At the end of the industrial method, a few eggs were randomly picked out of the batch to be opened and examined. After 45 days, five eggs were opened and four of the eggs completely formed century eggs, as shown in Fig. 1. As figure 1 has shown, the albumen of the century eggs has turned into a black-green colour and has gelatinized. The yolk which Fig. 1 does not show has also turned dark green and solidified. Even though one of the eggs had not fully solidified, all five produced the distinctive smell and flavour of a century egg. Likely, this egg was not a long way from completion.

Overall, the 10 days allowed for the eggs to be wrapped in the feed clay did not show much progression in century egg formation. Throughout the 10 days, five eggs were opened every day to check for progress and see how they changed. The layer of clay wrapped around each egg was removed and each egg was washed with water.

Five eggs were cracked open but there were no changes observed to the albumen and the yolk (see Fig. 2), which was the expected outcome. Both were still liquid-like and the yolk still yellow. Also, there was no distinctive smell produced.

As the eggs were being washed, the eggshells felt like they were covered by a layer of membrane. However, the inside of the duck eggs had no obvious difference to the previous days. Both the yolk and the albumen were still liquid-like and the yolk specifically still yellow, as seen in Fig. 6.

When the eggshells were cracked open, the top layer of the yolk had started to solidify, with all of them beginning to turn green. The yolk was still liquid-like below the layer, but it had turned into a golden colour, as shown in Fig. 7. A weak smell unique to a century egg was produced by all five eggs. Some sedimentation of the gelatinised egg yolk was observed on the eggshell (see Fig. 17 in the Appendix).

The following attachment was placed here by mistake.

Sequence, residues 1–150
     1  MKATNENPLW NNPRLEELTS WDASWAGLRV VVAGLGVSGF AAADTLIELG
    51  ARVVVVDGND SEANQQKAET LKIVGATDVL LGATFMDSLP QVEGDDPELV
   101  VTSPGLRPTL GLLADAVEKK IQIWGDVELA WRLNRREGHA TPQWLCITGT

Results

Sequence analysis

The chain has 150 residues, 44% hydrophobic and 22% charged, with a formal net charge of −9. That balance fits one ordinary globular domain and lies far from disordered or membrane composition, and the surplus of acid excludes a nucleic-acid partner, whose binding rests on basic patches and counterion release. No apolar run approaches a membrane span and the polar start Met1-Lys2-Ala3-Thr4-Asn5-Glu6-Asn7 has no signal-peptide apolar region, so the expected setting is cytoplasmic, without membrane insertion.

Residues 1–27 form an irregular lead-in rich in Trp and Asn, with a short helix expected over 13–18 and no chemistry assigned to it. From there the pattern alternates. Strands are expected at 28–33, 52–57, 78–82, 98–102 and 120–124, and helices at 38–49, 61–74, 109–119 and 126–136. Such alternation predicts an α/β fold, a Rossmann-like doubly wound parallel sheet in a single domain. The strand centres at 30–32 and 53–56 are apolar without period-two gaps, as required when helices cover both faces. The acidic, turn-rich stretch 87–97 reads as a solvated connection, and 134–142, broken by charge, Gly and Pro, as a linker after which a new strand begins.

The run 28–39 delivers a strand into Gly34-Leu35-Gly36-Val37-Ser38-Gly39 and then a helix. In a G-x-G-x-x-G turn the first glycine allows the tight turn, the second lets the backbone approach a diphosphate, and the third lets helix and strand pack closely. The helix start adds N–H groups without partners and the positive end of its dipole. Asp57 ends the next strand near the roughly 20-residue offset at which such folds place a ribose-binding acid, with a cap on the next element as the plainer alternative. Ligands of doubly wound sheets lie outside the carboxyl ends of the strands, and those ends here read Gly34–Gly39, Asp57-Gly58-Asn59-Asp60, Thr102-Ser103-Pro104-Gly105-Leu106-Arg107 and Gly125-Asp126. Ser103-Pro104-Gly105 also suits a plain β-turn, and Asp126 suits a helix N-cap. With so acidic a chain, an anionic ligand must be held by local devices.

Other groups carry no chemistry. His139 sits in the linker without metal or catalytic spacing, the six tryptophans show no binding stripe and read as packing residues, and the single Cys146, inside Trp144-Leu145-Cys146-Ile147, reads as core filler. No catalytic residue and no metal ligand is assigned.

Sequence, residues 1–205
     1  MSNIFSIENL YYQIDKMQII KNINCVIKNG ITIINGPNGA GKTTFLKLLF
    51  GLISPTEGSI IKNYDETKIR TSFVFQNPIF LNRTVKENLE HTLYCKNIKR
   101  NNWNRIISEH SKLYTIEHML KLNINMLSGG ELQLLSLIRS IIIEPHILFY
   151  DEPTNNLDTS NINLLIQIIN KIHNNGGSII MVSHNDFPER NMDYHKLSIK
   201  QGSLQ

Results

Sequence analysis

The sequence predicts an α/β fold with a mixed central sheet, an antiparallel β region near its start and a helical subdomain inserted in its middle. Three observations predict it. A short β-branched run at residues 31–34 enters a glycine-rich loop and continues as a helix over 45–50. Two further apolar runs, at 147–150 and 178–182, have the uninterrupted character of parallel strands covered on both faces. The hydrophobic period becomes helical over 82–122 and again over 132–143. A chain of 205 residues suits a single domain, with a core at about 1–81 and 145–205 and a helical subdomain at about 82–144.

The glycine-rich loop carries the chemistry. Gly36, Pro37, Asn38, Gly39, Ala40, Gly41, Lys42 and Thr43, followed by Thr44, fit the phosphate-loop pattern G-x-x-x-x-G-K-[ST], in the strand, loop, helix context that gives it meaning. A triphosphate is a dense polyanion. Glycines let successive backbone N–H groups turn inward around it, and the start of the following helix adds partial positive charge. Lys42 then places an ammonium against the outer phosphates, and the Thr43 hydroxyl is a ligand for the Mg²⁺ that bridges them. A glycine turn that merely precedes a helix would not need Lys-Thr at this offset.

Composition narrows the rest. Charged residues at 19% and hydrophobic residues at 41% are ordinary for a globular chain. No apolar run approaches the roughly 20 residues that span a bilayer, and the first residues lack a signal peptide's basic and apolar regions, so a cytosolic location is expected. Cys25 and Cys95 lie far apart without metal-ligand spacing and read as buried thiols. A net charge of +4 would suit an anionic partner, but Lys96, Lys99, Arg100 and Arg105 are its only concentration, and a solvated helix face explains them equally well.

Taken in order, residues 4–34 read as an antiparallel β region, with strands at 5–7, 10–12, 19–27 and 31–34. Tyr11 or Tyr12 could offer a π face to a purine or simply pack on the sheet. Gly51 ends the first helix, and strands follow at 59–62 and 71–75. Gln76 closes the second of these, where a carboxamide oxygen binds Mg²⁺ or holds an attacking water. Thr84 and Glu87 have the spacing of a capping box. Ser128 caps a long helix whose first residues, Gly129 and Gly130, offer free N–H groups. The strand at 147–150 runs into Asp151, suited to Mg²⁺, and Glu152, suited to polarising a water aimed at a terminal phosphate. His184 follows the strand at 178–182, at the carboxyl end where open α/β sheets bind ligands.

The major difference between the traditional and industrial method was the time factor. The industrial method was completed over a duration of 45 days to allow the eggs to be left in an inaccessible place. Whereas, the traditional method was completed over a suggested duration of 10 days and is likely the reason for the large difference in stage of century egg formation observed [9]. However, only those eggs in the last 2 days showed unexpectedly slow progression towards completion, so this may be due to problems that only posed to the eggs and conditions in these two batches. One possible explanation could be that these containers were not fully airtight, but to conclusively show this would require further investigation.

The eggs from the industrial method were not able to be sent to a laboratory for composition analysis so only the composition of the eggs of the traditional method could be discussed. The eggs did not completely form into century eggs using the suggested traditional method and therefore the composition was compared to a store-bought century egg to see if the stage of formation the eggs were at could be concluded [9]. This can be seen from Table 2 as there is a noticeable difference between the duck century egg produced through the traditional method and the century egg bought on the market. This could mean that the century eggs produced were still not close to completion. Since the eggs in the traditional method were not completed during the 10 days, it can not be said which method would have taken longer. Furthermore, the eggs in the industrial method were only opened after 45 days, meaning they could have been completed at an earlier date. Without a mathematical or scientific technique to extrapolate the results in the traditional method, it could not be determined which method would have taken longer for completion. Another plausible explanation would be due to the individual compositional differences between eggs. Since the differences shown in Table 2 are not very large and not all the composition differences fall between both the bought duck egg and century egg, this explanation may be more likely.